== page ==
My own thought would be to prepare a logical exit plan that might be presented, as a basis for compromise. The organization part (of the 'stuff'") sounds good for starters... Maybe a one group at a a time for bagging and labeling... to be stored... in an accessible place... [some years ago, when a neighbor's mom had the problem they worked to move the stuff, a bit at a time, to a nearby unused garage that they rented.] In any case, avoiding the confrontation, whether legal or personal... would be a preferred choice IMHO.

Certainly not an simple situation or a simple solution.
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Old 11-23-2012, 03:49 PM   #23
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Thanks again, everyone, for your thoughts. Thank you, Silver for the detailed reply.

I watched Hoarders on TV and we told my brother he should watch it too. I don't know if he ever did. The take away from the show is that the problem is very difficult to overcome and rarely does the problem go away/get better until the underlying cause of the issue is identified and dealt with.

I have several ideas as to what started my brother down this road but I won't go into them on the forum. My Mom is afraid that if pushed/antagonized too much he will take his own life, though this was never presented as an alternative on the show,so I don't know if it is a valid fear or if she is just being extra cautious because she is a mother.

She desperately wants things to improve, but she also wants to tread carefully.

I am not a caregiven to my brother. As my parents get older and require more help I'm trying to do what I can to help where I can. My mother reached out to me because there are days when she is at her wits end.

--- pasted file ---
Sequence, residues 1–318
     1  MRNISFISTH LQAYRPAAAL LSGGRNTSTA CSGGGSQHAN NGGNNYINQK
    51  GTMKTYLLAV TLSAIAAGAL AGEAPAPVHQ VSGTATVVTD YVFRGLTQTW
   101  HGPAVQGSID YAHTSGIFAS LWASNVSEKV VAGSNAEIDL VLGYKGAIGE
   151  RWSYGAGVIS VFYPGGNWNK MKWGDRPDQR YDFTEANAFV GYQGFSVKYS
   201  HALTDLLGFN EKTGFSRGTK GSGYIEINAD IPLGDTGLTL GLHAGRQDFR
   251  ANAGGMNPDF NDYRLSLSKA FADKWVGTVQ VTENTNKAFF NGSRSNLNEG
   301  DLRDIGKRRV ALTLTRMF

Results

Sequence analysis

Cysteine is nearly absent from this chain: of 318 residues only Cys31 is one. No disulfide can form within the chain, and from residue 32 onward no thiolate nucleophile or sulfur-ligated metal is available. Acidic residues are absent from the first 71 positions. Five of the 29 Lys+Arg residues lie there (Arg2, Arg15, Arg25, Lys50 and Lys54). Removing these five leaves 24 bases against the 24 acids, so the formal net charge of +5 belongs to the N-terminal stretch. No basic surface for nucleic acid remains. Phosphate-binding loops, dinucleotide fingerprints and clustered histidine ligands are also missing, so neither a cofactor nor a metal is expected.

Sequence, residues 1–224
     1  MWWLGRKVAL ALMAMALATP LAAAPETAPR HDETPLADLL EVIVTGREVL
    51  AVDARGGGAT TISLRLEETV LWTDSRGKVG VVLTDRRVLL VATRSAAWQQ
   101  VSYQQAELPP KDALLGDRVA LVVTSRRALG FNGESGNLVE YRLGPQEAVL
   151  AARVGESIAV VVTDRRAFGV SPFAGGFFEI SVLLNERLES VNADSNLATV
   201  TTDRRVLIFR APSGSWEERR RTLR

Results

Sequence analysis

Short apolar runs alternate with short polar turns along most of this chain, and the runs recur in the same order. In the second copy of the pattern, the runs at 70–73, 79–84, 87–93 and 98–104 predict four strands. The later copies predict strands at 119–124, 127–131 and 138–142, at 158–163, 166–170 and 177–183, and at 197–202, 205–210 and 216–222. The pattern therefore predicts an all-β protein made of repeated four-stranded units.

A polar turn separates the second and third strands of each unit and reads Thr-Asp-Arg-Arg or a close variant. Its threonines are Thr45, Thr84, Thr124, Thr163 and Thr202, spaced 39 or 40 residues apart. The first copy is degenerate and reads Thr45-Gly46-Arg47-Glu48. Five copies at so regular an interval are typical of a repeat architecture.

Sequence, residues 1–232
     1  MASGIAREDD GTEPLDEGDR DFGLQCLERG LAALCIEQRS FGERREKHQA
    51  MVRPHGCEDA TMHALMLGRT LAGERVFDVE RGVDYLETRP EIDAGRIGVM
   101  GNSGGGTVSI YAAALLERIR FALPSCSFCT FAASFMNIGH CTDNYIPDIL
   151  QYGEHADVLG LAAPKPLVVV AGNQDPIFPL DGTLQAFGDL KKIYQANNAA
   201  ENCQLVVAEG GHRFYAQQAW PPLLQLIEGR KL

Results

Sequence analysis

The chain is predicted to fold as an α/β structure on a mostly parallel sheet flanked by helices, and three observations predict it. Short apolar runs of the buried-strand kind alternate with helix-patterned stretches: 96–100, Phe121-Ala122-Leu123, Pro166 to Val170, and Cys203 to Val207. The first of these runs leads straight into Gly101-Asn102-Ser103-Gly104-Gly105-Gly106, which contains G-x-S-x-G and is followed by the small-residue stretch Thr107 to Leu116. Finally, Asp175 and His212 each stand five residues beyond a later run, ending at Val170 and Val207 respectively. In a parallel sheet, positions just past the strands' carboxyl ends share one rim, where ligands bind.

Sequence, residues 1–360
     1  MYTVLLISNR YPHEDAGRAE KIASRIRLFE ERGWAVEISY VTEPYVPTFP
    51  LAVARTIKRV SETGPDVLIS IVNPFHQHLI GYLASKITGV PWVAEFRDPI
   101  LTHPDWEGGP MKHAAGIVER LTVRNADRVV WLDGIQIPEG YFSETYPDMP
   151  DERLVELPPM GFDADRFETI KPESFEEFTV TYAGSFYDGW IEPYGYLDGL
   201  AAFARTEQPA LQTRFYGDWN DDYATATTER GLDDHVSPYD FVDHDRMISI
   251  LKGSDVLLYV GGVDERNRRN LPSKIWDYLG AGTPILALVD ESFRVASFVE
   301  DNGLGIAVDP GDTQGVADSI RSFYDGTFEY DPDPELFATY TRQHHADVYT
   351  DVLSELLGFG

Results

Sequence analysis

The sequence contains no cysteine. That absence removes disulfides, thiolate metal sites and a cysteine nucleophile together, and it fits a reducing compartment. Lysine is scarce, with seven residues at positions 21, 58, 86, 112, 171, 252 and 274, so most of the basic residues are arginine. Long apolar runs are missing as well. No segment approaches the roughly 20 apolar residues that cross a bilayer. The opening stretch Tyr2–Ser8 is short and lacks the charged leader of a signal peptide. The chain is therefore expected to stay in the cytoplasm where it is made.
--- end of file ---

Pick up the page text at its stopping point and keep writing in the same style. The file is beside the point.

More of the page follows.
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Old 11-23-2012, 04:11 PM   #24
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I think the idea of having him watch Hoarders is a great idea. Hopefully, by doing so, the light bulb with turn on and he'll realize that he's too a hoarder identify with some of the folks there that actually want to change.

I remember watching one epidsode where in stages, in the first step, the hoarder with the help of the family and professional agreed to start with one room. So, I think the dining room was cleaned up, but the rest of the place still had all the stuff around. Then eventually, a little more, until the place was liveable.
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Old 11-23-2012, 04:32 PM   #25
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I can give you some personal insight re:removing a sibling in a parent's home. Just finished a legal guardianship of a parent /eviction of a sibling last year, the process took just over 3 years. I would first try having him move out on his own. If this doesn't work, treat him like a month to month renter and go through the legal process of a formal eviction with a lawyer, if needed. Based on my personal experience, elder abuse is hard to prove and my sibling actually called the State (IL) elder abuse hotline on me as a way to delay the process of his eventual eviction. After 1 phone call from the state, they never contacted me again. Not having a lease makes it harder to evict someone. Looking back, eviction would've been faster and cheaper, but my mom's mental capacity issues would've been a problem too.
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Old 11-23-2012, 05:50 PM   #26
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Whatever approach you use, I would be very careful. Your brother sounds mentally imbalanced and may have the tendency to resort to some serious violence. He may view your actions as trying to screw him. Having to move can be an extremely disruptive for him and can set him off.
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Old 11-23-2012, 06:53 PM   #27
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Quote:
Originally Posted by GrayHare View Post
Relying on a government agency to do what a family does not rarely produces what I'd call a "happy" outcome.
Compared to what-- the "domestic violence happy outcome"?